Back in 1989, Parish Smith and Erick Sermon — collectively known as EPMD — got their “So Wat Cha Sayin’” video on Yo! MTV Raps. It was the first time their music had aired on the iconic show.
Almost 30 years later, Smith, who calls that moment a “breakthrough” in their career, is gearing up for the upcoming Yo! MTV Raps anniversary concert in New York City, which marks the kick-off to a possible reboot of a modern day version of the show.
“When you was doing your music, when you was putting the groups together, that was one of the top goals,” Smith tells UK Hip HopTalk. “You wanted to put out a Hip Hop song good enough for your video to make it on Yo! MTV Raps.”
But the Doctor Dre and Ed Lover-hosted show evolved into so much more than just a vessel for Hip Hop videos. As Smith explains, they were also focused on introducing Hip Hop to society. During that time, Hip Hop was still in its early stages and some people weren’t quite sure what to think of it.
“I remember doing one Yo! MTV Raps and the whole segment was built around a trip to the Statue of Liberty,” he recalls. “The hip hoppers was watching and could get educated if they didn’t come from New York, and if they was in a different country, they could see the Statue of Liberty. We’ve done remote shoots like that several times.
“So, yeah we went to Ellis Island and had to get on the ferry, but in between we were shooting. When the whole program came out, you got to see us as a group but you also got to see the history of New York or wherever we were shooting at the time.”
The field trips led to several interesting moments — like when they ran into actor Al Lewis, who played Grandpa on The Munsters.
“He’s actually in one of the segments,” he says.
Yo! MTV Raps aired from 1988 to 1995, and turned Ed Lover and Doctor Dre into bona fide legends. But little do people know, Ed was also voracious on the mic.
“Those guys was the real deal and they were serious,” Smith says. “No matter how much money you had or how many records you sold, you knew when you went on that show to have respect. Because first of all, Ed was one of the nicest freestylers on the planet. If you went on there not right, promoting your album, there’s a chance you could have got bodied in the freestyle by Ed.”
Over the past three decades, EPMD has pumped out eight albums, including the classic Strictly Business. But one piece of the puzzle is noticeably absent. DJ Scratch, who was introduced to Smith and Sermon by the late Jam Master Jay of Run-DMC, left the group sometime in 2015 before publicly airing out his grievances with them on Instagram.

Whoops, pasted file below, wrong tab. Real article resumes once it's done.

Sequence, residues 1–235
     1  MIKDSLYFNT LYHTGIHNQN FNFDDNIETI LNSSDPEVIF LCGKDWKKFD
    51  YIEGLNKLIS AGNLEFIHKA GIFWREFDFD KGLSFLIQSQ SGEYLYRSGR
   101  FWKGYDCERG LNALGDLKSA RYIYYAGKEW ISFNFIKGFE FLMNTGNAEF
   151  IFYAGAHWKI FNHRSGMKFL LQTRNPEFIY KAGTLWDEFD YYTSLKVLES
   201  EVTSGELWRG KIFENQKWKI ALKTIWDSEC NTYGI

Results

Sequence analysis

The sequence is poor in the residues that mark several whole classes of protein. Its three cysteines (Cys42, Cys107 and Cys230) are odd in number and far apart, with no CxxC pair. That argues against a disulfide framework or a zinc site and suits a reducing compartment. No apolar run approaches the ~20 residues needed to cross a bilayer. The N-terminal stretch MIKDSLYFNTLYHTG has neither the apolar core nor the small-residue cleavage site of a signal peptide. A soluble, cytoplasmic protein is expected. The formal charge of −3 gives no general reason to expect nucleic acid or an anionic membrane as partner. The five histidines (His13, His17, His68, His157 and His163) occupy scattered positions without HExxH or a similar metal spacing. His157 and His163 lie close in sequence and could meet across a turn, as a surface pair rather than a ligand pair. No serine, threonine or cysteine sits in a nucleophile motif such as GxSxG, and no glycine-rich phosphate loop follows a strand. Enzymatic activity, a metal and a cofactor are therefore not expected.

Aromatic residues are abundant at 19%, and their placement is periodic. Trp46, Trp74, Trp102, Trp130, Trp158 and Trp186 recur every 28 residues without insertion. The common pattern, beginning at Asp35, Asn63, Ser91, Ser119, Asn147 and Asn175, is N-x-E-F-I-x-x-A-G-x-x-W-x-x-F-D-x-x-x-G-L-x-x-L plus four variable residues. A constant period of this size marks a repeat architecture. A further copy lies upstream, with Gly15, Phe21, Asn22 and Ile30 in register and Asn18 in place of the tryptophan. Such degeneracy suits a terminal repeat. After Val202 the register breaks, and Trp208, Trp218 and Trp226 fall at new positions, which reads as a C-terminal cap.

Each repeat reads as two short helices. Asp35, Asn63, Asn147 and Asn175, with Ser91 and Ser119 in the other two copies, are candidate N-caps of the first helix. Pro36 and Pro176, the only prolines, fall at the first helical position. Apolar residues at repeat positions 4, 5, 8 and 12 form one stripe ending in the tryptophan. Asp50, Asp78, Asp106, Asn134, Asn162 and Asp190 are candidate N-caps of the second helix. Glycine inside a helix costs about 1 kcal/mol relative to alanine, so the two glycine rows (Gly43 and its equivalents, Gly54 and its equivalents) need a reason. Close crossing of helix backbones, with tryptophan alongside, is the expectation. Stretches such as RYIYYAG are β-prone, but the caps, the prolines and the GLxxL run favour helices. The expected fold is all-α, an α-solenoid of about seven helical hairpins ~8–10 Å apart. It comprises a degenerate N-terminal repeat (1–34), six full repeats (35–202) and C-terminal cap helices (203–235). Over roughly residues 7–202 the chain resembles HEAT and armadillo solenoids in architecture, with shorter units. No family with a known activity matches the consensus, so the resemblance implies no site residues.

#2016WrapUp A year ago tonight was the last show I did with my former group. I was tired of the lies, the money stealing & the sneaking around doing shows without me to keep more bread in their pockets meanwhile RUINING the brand!! So here's my 2016 Wrap Up: Rite after I left the group I upgraded & relaunched ScratchVision.com, went on a world tour of my own. Then was the opening act for Beyonce's tour. Signed a endorsement deal with Monster Energy, then went on the Monster Energy tour (Still on tour). Launched my own App, then I was knighted a Grandmaster by Kool Herc. Then did the scratches on the album of the year (A Tribe Called Quest) & to top it all off I am now the special guest tour DJ with ATCQ. I left a group who couldn't afford to pay one DJ & joined a group who can afford to pay 2 DJ's. So for now on I'll stick with the group that makes $100,000 minimum per show instead of the group that makes $6,000 maximum per show. For 2017 remove the toxic energy out of your life & watch how many blessings you'll receive. Happy New Year!!! Never get bitter, just get better!! They thought they buried me, but they forgot I was a seed!!!
Despite Scratch’s contentious exit from the group, Smith believes he and Sermon are in a good place, especially since they’ve had their own issues over the years.
“The situation with DJ Scratch was just an adjustment, and Erick and I getting back in sync with ourselves,” he says. “That’s what I think that was because we was out of sync for so many years that we had issues and communication things that we had to iron out, you know?”
“I just think there was a tremendous amount of miscommunication at the time when the industry was in a transition of switching from CDs to downloads and all of that,” he continues. “It takes a tremendous amount of communication. You really don’t know until you put yourself in a situation, until you have a calm atmosphere where everybody can just speak from their point of view to resolve old issues, move past them, and then keep your mind in the present.”
With DJ Diamond now in Scratch’s place, Smith and Sermon have moved on but there’s a sense Smith understands where Scratch is coming from.
“There’s passion for Hip Hop and the music,” he says. “There’s a difference between trying to do what you love and represent it, and running into roadblocks and still wanting to do it. That’s passion, as opposed to just F you and I’m done with you. Even with the way Scratch is expressing himself, I think DJ Scratch is just expressing himself through passion and frustration.”
The Yo! MTV Raps anniversary concert goes down on June 1 at Brooklyn’s Barclay Center, and includes performances by Big Daddy Kane, Eric B. & Rakim, KRS-One, Doug E. Fresh and Brand Nubian, among others.
Tickets are available here.